Dear Wikiwand AI, let's keep it short, summarize this topic like I'm... Ten years old or a College student
Windows 95 is a consumer-oriented operating system developed by Microsoft as part of its Windows 9x family of operating systems. The first operating system in the 9x family, it is the successor to Windows 3.1x, and was released to manufacturing on July 14, 1995, and generally to retail on August 24, 1995, almost three months after the release of Windows NT 3.51. Windows 95 merged Microsoft's formerly separate MS-DOS and Microsoft Windows products, and featured significant improvements over its predecessor, most notably in the graphical user interface (GUI) and in its simplified "plug-and-play" features. There were also major changes made to the core components of the operating system, such as moving from a mainly cooperatively multitasked 16-bit architecture to a 32-bit preemptive multitasking architecture, at least when running only 32-bit protected mode applications.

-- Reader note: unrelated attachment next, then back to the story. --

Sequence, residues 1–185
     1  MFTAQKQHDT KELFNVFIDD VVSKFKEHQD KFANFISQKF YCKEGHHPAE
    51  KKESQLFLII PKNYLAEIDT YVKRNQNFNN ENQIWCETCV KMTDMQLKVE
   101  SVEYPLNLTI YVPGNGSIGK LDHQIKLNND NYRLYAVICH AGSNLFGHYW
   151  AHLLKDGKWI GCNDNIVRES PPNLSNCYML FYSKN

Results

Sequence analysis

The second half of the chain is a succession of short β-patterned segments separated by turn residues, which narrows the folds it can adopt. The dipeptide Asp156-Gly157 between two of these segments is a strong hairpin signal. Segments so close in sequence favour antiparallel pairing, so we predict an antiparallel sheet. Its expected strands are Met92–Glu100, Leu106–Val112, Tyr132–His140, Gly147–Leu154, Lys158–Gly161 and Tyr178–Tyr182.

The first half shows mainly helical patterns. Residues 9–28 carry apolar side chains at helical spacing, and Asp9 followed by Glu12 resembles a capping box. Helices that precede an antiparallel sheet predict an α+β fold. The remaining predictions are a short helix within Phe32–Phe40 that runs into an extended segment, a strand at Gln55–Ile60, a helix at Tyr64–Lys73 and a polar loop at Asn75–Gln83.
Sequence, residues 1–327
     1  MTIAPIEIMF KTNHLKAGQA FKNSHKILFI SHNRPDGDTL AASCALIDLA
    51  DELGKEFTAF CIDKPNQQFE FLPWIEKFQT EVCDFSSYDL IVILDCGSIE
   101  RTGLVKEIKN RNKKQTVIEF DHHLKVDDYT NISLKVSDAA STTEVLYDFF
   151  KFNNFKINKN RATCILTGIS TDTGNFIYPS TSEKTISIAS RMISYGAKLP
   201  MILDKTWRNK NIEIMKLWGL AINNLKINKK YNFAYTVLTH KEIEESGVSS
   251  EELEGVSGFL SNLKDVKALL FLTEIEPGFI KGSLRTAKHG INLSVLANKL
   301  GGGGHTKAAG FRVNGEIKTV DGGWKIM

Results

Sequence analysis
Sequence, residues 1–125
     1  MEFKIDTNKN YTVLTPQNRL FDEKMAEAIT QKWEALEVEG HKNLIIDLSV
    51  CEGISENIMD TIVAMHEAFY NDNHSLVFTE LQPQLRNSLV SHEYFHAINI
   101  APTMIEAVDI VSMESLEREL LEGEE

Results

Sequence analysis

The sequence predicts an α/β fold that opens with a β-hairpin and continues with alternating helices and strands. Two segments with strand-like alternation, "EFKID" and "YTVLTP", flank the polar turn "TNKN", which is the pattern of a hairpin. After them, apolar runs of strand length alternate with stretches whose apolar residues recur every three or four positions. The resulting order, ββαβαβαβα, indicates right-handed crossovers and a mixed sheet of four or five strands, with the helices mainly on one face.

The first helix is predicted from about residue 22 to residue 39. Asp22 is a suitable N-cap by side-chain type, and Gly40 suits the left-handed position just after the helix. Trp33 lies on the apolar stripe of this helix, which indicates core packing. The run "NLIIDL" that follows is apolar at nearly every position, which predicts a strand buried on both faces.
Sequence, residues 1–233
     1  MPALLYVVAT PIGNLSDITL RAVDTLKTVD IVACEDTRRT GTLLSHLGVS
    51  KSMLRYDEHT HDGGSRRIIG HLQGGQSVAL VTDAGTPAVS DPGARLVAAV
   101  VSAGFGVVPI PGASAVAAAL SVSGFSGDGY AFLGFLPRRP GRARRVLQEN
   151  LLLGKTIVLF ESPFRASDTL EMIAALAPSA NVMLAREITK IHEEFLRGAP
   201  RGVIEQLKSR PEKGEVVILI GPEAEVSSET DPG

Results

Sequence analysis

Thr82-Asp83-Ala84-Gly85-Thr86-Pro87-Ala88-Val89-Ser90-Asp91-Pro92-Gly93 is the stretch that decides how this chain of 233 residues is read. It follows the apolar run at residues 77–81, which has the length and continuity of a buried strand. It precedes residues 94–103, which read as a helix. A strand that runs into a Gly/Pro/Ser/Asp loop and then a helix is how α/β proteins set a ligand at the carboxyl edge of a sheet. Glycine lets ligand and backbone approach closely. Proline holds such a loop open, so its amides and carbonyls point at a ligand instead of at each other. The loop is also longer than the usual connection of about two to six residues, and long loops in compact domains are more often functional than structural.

|Version of the Windows 9x operating system|
|Source model||Closed source|
|Released to |
|July 14, 1995|
|August 24, 1995|
|Latest release||OEM Service Release 2.5 (4.0.950 C) / November 26, 1997|
|License||Proprietary commercial software|
|Preceded by||Windows 3.1x (1992–1993)|
|Succeeded by||Windows 98 (1998)|
|Official website||Windows 95 at the Wayback Machine (archived January 20, 1998)|
|Mainstream support ended on December 31, 2000|
Extended support ended on December 31, 2001
Accompanied by an extensive marketing campaign, Windows 95 introduced numerous functions and features that were featured in later Windows versions, and continue in modern variations to this day, such as the taskbar, notification area, and the "Start" button.
Three years after its introduction, Windows 95 was followed by Windows 98. Microsoft ended mainstream support for Windows 95 on December 31, 2000. Like Windows NT 3.51, Windows 95 received only one year of extended support, ending on December 31, 2001.